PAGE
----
Poultry Giants Fight Organizers

David Moberg

After their 30-minute lunch break, workers Gladys Curbis (left), 57, and Olga Estaras, 27, prepare to work in the deboning line.
—For 10 years Dorothy McKenzie has worked in poultry processing factories in the South. She knows why unions are crucial in the industry. Two years ago she was working as many as 12 hours a day hanging 40 chickens a minute on the dissasembly line at a plant owned by Cagle’s Inc. Workers could go to the bathroom just once outside their two scheduled breaks, and the repetitive work caused constant pain in their hands and arms. When they complained to management, supervisors told them to drink less water and offered to rotate jobs, as long as they still hung chickens. McKenzie protested that such limited rotation provided no relief, and she and seven coworkers were fired for insubordination.

Normally, that would have been the end of the matter. But several months earlier, McKenzie had been one of the first workers at the plant to talk with Linda Cromer, a veteran organizer from the Retail, Wholesale and Department Store Union (RWDSU), a division of the United Food and Commercial Workers. Cromer helped the women fight back; they won reinstatement to their jobs with back pay.

“We saw the union believed in us,” said LeLetta Michelle Ezell, who also was fired. “They stuck by us every day. I thank God for them. They pulled off a miracle for us.”

Yet neither Cromer nor McKenzie was able to pull off the miracle they both hoped for—winning recognition for a union at Cagle’s. Although few workers in the United States need a union more than McKenzie and her roughly 1,500 coworkers, less than 30 percent of poultry workers are in labor unions—too few to dramatically improve wages or conditions. The failure of RWDSU to win in two recent elections at Cagle’s, despite a vigorous and well-conceived campaign, demonstrates the difficulty of organizing even the neediest workers.

The poultry industry has grown rapidly in recent decades and has increasingly consolidated under the control of a few big companies; five now control 55 percent of all production. But competition remains fierce, putting pressure on workers who are the worst paid in food processing. Workers typically make around $8 an hour, a rate that has stagnated for the past decade despite rising productivity. The pace of work is literally crippling: Poultry workers have the third highest rate of muscular and skeletal injuries and illness among all industries. And in 2000, U.S. Department of Labor inspectors found overtime pay violations in every one of the 51 plants they visited.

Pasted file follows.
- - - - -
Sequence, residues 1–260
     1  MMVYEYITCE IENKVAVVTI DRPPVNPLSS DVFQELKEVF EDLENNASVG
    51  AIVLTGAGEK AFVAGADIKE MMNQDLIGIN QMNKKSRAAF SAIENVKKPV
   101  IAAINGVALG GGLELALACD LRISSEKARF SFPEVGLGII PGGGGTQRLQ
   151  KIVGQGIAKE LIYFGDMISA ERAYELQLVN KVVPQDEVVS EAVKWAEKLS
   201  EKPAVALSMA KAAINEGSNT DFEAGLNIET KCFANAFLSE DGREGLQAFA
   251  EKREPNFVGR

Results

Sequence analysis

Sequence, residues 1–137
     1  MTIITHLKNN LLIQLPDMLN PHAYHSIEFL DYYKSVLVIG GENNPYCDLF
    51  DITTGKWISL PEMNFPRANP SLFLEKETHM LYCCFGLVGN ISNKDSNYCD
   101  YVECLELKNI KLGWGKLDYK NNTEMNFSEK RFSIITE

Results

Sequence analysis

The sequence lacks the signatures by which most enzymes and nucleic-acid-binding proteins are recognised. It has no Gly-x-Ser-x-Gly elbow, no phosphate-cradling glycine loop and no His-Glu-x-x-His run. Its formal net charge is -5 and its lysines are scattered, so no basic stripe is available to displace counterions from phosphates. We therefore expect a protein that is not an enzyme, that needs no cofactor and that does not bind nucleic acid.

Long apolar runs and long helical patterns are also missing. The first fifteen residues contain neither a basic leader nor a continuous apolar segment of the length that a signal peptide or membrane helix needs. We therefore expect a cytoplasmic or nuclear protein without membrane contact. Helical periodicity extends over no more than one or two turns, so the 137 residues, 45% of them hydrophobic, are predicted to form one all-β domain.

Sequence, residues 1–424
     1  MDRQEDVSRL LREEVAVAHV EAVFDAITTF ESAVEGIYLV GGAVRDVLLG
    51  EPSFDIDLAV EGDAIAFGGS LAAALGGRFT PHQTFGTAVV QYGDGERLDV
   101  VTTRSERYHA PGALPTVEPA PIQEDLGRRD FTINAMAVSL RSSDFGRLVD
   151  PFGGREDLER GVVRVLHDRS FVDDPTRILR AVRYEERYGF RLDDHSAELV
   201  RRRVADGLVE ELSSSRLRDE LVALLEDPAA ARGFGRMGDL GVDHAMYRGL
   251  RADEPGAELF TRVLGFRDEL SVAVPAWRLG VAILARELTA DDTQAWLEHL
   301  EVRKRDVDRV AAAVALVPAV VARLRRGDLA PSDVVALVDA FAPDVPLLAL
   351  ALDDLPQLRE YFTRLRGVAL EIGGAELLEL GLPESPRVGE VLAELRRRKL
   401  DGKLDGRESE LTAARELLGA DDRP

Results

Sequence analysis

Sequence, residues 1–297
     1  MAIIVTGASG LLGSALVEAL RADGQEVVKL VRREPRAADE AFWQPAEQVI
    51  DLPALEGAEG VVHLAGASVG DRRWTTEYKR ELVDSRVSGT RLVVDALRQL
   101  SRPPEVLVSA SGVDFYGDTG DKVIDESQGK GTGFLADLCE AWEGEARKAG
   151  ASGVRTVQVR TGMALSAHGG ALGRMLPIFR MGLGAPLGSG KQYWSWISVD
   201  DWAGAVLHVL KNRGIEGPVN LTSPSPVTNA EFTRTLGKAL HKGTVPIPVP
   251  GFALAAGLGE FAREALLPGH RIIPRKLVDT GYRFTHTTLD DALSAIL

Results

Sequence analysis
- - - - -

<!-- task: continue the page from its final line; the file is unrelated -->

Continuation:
The companies get away with this abuse in part because most plants are in rural areas of the South, where jobs are scarce and the workforce often is semi-skilled. Turnover also is high—during the past year around 40 percent of Cagle’s workforce left. Although African-American women still make up the majority of workers, since the late ’80s the industry has turned to new immigrants and former farm workers. By union estimates, more than half of Cagle’s workers in Perry are Latino, largely from rural areas of Mexico and, increasingly, Guatemala.

For more than two years, Cromer and a small group of organizers—mainly workers from poultry plants aided by Spanish-speaking unionists from other RWDSU locals—built committees of activists within the plant and mobilized church and community support in an area not very sympathetic to unions. When it became obvious that linguistic and cultural barriers existed between the Spanish-speaking Mexican and Guatemalan immigrants, Cromer brought in Guatemalan workers as organizers. Despite that, the union lost its first election in October 2002.

Organizers thought they had a good chance last year, but months before the November election there were big layoffs at two major factories nearby, and the largest unionized employer in the area, a tobacco factory, was sold and scheduled to close. In November, Cagle’s also announced a tentative agreement to sell the Perry plant. Managers threatened that the poultry jobs would be in jeopardy if workers voted for a union, supervisors pressured workers to vote against the union and promised improvements, and pro-union workers in the plant were harassed. The margin was smaller than a year earlier—607 against and 449 for the union—and Cromer remains optimistic. “We’re not going to abandon them,” she said. “You don’t put that kind of work into a place like that and just walk.”

Although RWDSU has no immediate plans for the plant, which is now owned by Perdue, two organizers will continue to work with union supporters.

McKenzie hasn’t given up, even though the company succeeded this time by creating fears among workers that they might lose jobs that many would quit in disgust anyway within a year.

“There were a lot of threats that you’re going to lose your job if the union gets in, or the union can’t do nothing, or you may not get what you got now,” said McKenzie, 44. “My goal is if I can get one poultry plant to unionize, I’ll feel good. I know that’s what needs to be done. Open your eyes, people; this is not how things are supposed to be. You’ll have to come together to get what you want.”

David Moberg, a senior editor of In These Times, has been on the staff of the magazine since it began publishing in 1976. Before joining In These Times, he completed his work for a Ph.D. in anthropology at the University of Chicago and worked for Newsweek. He has received fellowships from the John D. and Catherine T. MacArthur Foundation and the Nation Institute for research on the new global economy.

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